This book covers key movements that helped to shape psychology – from the early philosophical debate between rationalism and empiricism or realists and antirealists through to the emergence of psychology as a science and the ongoing debates about ‘objectivity’ and ‘truth’ and what a science of psychology should be. Often nuanced and complex, the author examines major conceptual issues in the history of psychology that continue to be debated and influence public policy and lay understanding. The latter stages of the book explore notions of individuality, hereditarianism, critical psychology, and feminist perspectives. While deeply rooted in human history, it is made clear that psychology, how it is conceived and practiced, has a bearing on our understanding of what it is to be human. Accessible, objective and above all comprehensive, this book will help students locate psychology in the wider field of science and understand the forces that continue to shape and define it.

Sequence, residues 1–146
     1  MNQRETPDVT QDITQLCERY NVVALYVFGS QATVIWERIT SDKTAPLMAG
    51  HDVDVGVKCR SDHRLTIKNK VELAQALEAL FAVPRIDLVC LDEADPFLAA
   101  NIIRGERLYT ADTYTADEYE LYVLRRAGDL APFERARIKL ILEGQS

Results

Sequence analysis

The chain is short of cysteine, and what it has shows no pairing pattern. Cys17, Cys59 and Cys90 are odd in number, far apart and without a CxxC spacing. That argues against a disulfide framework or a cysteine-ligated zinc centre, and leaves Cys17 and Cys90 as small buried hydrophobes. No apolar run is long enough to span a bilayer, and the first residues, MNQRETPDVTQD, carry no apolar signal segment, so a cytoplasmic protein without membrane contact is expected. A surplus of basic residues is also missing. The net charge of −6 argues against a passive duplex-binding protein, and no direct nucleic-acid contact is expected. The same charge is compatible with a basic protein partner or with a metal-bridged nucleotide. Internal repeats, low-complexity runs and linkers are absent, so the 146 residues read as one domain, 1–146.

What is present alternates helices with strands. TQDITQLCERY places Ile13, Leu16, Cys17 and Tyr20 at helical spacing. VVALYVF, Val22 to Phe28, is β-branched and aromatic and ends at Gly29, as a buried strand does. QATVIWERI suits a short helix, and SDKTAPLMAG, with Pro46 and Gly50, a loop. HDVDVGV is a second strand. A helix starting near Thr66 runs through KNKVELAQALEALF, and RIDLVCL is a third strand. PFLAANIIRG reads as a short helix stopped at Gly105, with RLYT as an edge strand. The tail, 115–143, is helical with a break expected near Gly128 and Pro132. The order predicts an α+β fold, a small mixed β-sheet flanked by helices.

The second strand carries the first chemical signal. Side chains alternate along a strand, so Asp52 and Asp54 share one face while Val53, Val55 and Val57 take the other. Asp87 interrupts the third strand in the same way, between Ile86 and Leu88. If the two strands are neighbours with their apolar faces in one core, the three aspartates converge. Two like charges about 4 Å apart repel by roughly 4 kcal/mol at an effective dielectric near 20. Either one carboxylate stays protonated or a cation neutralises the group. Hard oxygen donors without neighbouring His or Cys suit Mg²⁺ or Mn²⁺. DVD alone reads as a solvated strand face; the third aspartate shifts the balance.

Chapter 9: Critical Psychology and Feminist Psychology
Critical Psychology and Feminist Psychology
In the previous chapter we considered some of the criticisms that have been made of mainstream psychology. This chapter continues that theme but differs in that the criticisms are levied, not by individuals, but by collectives of scholars who share a common concern. Overall they may all be included under the banner of ‘critical psychologies.’ According to critical psychologies, psychology has to include historical and social analysis (Billig, 2008). As a product of their age, their culture, and the web of social relations, by which individuals are constituted as psychological beings, the context of life cannot be ignored. Individual psychology, rather than explained in terms of ‘individualism,’ is situated socially and historically.
According to the ...